[Tutor] Python __del__ method

boB Stepp robertvstepp at gmail.com
Tue Jul 11 20:34:16 EDT 2017

On Tue, Jul 11, 2017 at 7:24 PM, Alan Gauld via Tutor <tutor at python.org> wrote:
> On 11/07/17 15:47, Jia Yue Kee wrote:
>> I am new to Python and I came across the Python __del__ method
> The __del__() method is a bit of an oddity and often not
> used in industrial strength Python code.
>> if __name__ == "__main__":
>>     x = Robot("Tik-Tok")
>>     y = Robot("Jenkins")
>>     z = x
>>     del x
>>     del z
>>     del y
>> My question being why is that "Robot has been destroyed"
>> is only printed once in Case 2
> Because __del__() only got called once.
> Which is really quite good, although you don't know which
> object's del() was called!
> The problem is that python does not promise to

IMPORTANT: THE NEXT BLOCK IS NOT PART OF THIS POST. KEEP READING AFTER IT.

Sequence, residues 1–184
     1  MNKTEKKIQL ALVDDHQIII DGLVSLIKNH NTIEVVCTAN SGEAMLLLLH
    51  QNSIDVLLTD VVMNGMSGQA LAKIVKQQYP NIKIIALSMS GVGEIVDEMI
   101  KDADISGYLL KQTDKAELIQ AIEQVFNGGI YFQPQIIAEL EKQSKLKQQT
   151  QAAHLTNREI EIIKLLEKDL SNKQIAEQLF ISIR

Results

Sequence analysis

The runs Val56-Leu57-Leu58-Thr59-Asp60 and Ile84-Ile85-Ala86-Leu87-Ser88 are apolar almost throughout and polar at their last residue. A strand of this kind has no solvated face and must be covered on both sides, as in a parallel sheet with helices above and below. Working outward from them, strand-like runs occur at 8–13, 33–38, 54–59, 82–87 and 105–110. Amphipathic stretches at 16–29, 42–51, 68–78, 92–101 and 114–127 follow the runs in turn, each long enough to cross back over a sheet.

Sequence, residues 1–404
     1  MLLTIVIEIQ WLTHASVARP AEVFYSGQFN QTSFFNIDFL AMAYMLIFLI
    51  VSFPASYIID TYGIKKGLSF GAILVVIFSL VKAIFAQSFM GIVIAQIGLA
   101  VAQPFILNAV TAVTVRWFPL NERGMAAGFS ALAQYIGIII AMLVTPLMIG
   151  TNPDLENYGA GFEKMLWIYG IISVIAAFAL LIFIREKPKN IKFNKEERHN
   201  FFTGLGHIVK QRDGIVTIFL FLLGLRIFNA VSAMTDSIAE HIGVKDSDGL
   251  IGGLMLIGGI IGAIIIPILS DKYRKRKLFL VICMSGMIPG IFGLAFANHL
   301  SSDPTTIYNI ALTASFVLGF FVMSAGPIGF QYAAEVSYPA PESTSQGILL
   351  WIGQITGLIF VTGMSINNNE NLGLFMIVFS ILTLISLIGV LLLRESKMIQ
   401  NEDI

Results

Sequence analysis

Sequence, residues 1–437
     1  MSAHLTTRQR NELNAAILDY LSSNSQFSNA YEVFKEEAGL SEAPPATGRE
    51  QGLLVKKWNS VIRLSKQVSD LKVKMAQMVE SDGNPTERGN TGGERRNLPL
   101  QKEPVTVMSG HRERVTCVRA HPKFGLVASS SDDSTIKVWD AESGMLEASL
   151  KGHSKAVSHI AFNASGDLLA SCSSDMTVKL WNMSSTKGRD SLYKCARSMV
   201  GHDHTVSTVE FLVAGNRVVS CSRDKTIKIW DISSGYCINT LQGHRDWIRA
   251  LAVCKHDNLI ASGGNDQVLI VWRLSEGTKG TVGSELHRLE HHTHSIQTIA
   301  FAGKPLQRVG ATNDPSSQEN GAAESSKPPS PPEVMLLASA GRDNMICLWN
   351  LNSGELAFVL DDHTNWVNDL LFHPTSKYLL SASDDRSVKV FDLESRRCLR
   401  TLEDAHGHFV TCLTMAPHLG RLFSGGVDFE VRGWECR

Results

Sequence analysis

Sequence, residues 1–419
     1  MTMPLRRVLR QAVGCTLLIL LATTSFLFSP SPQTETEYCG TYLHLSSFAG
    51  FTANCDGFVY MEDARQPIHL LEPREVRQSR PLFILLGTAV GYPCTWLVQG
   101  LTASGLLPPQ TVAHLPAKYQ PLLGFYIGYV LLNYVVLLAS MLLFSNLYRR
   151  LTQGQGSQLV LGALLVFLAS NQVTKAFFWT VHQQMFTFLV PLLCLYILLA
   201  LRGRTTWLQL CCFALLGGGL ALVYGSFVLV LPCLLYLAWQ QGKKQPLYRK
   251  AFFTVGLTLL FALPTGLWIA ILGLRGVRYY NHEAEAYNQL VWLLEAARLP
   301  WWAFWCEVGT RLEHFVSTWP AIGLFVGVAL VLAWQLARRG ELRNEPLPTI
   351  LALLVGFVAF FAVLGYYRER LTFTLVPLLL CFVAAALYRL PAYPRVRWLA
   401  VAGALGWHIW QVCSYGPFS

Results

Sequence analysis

> call __del__() even when it is defined! It only promises
> not to call it until all references are deleted.
> So we can say when __del__() will not be called but
> not when it will be called, if ever. The problem is
> that __del__() is called by the garbage collector
> when it actually collects the deleted object and that
> could be a long time after the reference count goes
> to zero, or possibly even never!
> This means __del__() is of limited usefulness since
> you can't rely on it being called. So you can't safely
> use it as a destructor to release resources.
>> ...after the del x and del z statements, the refcount
>> to the Robot object should reach zero and subsequently
>> triggers the __del__ method right?
> Nearly.
> It *might* trigger the __del__() method, eventually.
> Or it might not, there is no guarantee. Mostly it
> will get called, but you can't count on it.

I am assuming that when the OP ran his code from a file, that upon the
script's completion, both object instances were garbage collected.
Surely upon program completion, everything _is_ garbage collected?

> I confess I don't fully understand the reasons why
> it's been done that way, it just is...

Now you have me wondering why, too!  ~(:>))


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